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As we do not implement the users of our applications as users in SQL server, when the application server connects to a database each application always uses the same credentials to attach to each database.

This presents an auditing problem. Using triggers, we want to store every update, insert and delete and attribute each to a particular user. One possible solution is to add an "updated by user" column to every table and update this every time. This means a new column on every table and a new parameter on every stored procedure. It also means you can only do soft deletes.

Instead of this I propose using the Application Name property of the connection string and reading this with the App_Name() property inside the trigger. I tested this with a simple app and it seems to work (the format could be as so: App=MyApp|User=100).

The question for you guys is, is this a bad idea and do you have a better one?

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How did you resolve this? You were able to read "App=MyApp|User=100" from the trigger using CONTEXT_INFO? I need to modify the triggers used by ApexSQL Audit 2008 and store the "user" passed through the 'ApplicationName'. –  AMissico Jul 27 '13 at 1:32

3 Answers 3

up vote 10 down vote accepted

I use SET CONTEXT_INFO for this. It's just what you need.

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Aha, that looks just the ticket. The varbinary is a bit annoying but shouldn't be a big headache. Cheers. –  Chris Simpson Nov 27 '08 at 15:48
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Thank you! The great thing is: you can make it even work with concurrent direct database access, like from MS Access, and using the original connection's user name, by using something like this: COALESCE(CONVERT(VARCHAR(128), CONTEXT_INFO()), CURRENT_USER) –  markus Oct 22 '09 at 16:44
    
You have an example? –  AMissico Jul 27 '13 at 1:28

It certainly seems like a feasible solution, although you'll need to inject the username into the connection string each time your application loads. Note that this solution probably wouldn't work with a web application, as your connection string will be different each time, which could lead to huge connection pooling issues.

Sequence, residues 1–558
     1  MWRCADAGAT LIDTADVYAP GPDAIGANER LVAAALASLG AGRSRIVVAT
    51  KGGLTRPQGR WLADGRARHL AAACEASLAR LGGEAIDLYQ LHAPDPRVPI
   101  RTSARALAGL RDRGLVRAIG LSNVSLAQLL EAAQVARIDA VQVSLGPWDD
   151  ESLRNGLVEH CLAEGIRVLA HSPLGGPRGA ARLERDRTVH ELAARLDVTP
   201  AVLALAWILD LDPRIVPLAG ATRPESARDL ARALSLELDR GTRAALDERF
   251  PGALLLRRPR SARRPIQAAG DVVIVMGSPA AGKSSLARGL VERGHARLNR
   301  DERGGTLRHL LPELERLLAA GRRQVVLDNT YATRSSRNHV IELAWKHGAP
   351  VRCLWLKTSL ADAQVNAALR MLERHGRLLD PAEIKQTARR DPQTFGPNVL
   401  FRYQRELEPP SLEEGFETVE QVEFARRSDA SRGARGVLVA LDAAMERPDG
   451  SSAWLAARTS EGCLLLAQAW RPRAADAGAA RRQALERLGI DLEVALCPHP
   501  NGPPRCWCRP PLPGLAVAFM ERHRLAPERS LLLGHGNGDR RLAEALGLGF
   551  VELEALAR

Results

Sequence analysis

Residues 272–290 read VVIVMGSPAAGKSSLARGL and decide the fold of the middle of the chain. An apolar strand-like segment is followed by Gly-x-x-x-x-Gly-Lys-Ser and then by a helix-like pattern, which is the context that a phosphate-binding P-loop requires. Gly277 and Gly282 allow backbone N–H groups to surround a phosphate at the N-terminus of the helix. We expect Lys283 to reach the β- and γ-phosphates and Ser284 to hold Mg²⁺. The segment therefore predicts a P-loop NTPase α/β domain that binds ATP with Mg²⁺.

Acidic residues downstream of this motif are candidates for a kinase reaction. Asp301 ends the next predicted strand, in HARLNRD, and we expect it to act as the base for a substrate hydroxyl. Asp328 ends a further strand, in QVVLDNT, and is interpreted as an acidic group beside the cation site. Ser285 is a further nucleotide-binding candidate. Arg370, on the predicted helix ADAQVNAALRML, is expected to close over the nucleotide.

Another option is to retrieve the hostname/IP address (SELECT host_name() ) and store that instead.

You wouldn't necessarily need a new parameter on each stored procedure, as you can modify each stored procedure (or the trigger) to automatically insert the App_Name/Hostname.

A potential drawback is that any modifications performed via Management Studio won't have the custom App_Name, and you'll be left with "Microsoft Management Studio" as the user.

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Though we used to do this, we no longer use connection pooling so each connection made is individual. The hostname/ip address would not work because this would come from the application server not the client. –  Chris Simpson Nov 27 '08 at 12:59
    
If only I had stumbled across this answer a few years ago... We use the App Name for exactly this purpose, for exactly this reason, and have connection pooling issues exactly as described... I'm now trying to find any way to set the "App Name" from an Open connection, so that we can keep the connection string constant and do away with the pool creep nasties. –  Tao Oct 13 '09 at 16:56

We use the Application Name property to control auditing triggers and have not seen any problems using it, and haven't noticed any speed issues (though in our case, we're specifically not auditing for certain applications, so its hard to measure how much time not doing something takes :))

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That's good to hear. By the sounds of it you are using the same application name each time. I'm proposing modifying the application name for each connection to identify the current user. Can you see any problem with this (we do not pool connections)? –  Chris Simpson Nov 27 '08 at 11:22
    
We use two different Application Names, one for when we want auditing, and one for when we don't (because whatever is using the connection is handling the auditing manually). –  Ch00k Nov 27 '08 at 21:25

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